The term “wallet” as it relates to cryptocurrencies is a little bit deceiving. A cryptocurrency wallet is a piece of software which lets users send and receive and store cryptocurrency. It does this by generating messages about changes they want to make to their balance on a single shared public ledger known as a blockchain. The term is deceptive because no cryptocurrency is actually saved in a wallet as one might imagine. Because of this, wallets don’t really have cryptocurrency coming in and out of them either.
Instead of storing digital coins, a cryptocurrency wallet stores and uses what is known as a “private key”. Private keys, as indicated by the name, are kept private, but through a special mathematical function private keys can generate thousands of related “public keys” to which they are uniquely linked. Public keys are the accounts which are publicly listed on a blockchain displaying balances. For a user to receive a cryptoasset to their wallet, user 1’s wallet generates a public key and gives it to user 2. User 2 then uses their wallet to transfer some of their balance to the public key of user 1. The blockchain reflects this change in balance by subtracting value from user 2’s account and adding it to user 1’s.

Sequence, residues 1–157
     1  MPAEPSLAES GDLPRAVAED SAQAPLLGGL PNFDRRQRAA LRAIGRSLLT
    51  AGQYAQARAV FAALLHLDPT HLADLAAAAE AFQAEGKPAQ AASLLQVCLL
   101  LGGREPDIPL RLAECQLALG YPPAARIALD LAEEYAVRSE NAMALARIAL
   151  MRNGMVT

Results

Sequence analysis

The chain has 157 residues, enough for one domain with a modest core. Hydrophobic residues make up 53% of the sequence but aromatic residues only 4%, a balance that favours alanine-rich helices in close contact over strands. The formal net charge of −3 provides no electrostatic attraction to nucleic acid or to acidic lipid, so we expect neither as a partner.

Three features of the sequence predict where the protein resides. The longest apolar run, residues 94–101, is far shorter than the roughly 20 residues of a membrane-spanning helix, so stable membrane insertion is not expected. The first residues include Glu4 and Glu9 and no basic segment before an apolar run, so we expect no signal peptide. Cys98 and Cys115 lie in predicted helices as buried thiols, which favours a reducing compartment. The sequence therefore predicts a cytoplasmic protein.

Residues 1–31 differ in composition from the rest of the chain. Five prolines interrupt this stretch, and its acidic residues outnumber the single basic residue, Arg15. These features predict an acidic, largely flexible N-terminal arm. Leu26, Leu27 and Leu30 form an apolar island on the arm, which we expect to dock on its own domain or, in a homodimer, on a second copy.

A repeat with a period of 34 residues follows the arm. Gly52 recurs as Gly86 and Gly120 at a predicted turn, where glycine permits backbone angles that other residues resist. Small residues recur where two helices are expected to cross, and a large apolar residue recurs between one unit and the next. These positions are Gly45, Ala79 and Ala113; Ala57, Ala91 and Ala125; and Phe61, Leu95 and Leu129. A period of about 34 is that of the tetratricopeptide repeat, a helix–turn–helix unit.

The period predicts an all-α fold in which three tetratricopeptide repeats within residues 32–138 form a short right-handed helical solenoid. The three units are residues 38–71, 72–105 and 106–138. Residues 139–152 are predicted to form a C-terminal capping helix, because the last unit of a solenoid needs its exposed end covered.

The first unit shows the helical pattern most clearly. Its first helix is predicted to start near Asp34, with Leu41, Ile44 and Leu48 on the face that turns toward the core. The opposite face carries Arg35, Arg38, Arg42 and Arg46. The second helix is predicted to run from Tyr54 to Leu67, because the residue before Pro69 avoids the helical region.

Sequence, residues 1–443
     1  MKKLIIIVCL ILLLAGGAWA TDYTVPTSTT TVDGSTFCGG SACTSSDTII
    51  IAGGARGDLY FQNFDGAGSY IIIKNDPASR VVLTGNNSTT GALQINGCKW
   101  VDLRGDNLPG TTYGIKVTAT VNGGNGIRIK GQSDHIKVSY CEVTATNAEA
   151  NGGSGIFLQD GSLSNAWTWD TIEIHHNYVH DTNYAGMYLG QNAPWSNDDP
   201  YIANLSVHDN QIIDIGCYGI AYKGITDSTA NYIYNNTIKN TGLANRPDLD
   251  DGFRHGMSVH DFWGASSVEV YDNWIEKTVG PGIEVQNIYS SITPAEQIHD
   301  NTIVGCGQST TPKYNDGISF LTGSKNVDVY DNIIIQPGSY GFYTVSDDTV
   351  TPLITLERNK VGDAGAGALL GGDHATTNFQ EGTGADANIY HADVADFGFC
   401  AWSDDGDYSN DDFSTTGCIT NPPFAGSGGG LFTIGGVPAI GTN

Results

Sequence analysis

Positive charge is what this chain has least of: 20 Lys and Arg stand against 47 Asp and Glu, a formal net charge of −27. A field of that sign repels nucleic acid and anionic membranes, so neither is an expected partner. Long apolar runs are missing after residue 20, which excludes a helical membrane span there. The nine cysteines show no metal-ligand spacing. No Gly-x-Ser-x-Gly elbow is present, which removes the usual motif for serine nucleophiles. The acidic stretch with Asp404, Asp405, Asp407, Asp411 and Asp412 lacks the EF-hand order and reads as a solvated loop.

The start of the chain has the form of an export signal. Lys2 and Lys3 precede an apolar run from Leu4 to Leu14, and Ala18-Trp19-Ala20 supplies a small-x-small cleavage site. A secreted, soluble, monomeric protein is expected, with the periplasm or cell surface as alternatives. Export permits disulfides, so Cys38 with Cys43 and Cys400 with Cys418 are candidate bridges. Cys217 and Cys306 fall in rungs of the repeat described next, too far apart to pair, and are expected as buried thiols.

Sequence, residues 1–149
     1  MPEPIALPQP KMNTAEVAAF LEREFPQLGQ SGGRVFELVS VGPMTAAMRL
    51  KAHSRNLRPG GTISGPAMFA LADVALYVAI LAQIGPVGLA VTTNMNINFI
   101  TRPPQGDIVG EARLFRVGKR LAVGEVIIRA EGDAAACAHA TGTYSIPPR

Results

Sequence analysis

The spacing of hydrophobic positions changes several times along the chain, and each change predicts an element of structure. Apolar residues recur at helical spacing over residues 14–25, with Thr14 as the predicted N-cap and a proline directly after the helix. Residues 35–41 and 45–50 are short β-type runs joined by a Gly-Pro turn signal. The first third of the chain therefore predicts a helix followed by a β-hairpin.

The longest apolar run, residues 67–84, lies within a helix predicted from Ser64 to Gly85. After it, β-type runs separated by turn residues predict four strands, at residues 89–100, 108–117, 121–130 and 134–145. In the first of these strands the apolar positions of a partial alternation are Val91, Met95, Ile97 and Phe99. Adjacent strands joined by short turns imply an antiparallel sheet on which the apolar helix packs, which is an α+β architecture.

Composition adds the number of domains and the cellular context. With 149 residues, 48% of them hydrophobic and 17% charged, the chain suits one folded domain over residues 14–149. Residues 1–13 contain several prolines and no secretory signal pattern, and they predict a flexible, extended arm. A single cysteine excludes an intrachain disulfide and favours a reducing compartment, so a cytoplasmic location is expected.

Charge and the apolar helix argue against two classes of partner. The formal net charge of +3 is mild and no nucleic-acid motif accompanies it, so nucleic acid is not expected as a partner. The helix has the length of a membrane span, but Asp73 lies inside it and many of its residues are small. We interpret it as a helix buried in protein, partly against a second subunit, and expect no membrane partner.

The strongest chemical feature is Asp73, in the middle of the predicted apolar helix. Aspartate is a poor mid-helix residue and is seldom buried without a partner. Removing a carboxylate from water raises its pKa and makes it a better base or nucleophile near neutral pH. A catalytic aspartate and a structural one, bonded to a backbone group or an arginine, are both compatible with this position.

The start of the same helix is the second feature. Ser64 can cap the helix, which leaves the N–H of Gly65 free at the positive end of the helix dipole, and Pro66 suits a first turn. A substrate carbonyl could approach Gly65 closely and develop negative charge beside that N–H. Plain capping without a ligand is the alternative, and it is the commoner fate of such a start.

To send a transaction, a wallet uses its private key to sign a digital message requesting a change in balance which it then sends to the network of computers maintaining the blockchain. Because the private key is mathematically linked to the public key that owns the balance on the blockchain, this message proves to the network that the sender of the transaction is the true owner of the balance and the requested change in balance is valid. Once a wallet creates a message requesting to change their balance, the message is broadcast across the network of computers maintaining the blockchain and the blockchain updates to reflect the changes (subtracted value from one account, added value to another).
Through this function of using a private key to generate public accounts and sign unique messages about desired changes to the balance of these public accounts, a cryptoasset wallet allows users to effectively store, send and receive cryptoassets. In reality, however, the only thing “stored” in the wallet software is the private key and the function of the wallet is to write public messages that mathematically prove that the writer of these messages owns the private key. The math involved in this process is known as asymmetric encryption.
The Web, also known as the World Wide Web is a protocol layer built on top of the Internet. People use the Internet without the Web so rarely that the two have become almost synonymous. The web employs several protocols in order to display content to its users. You are on the Web any time you use a web browser (Safari, Google Chrome, Mozilla Firefox, Opera, Brave Browser) and visit a web site. The web uses the base layer protocol of the Internet and builds on top of it using another protocol known as the hyper text transfer protocol, which you may know as HTTP. Internet Protocol transfers the raw data and then HTTP turns it into readable content that can be viewed in a web browser.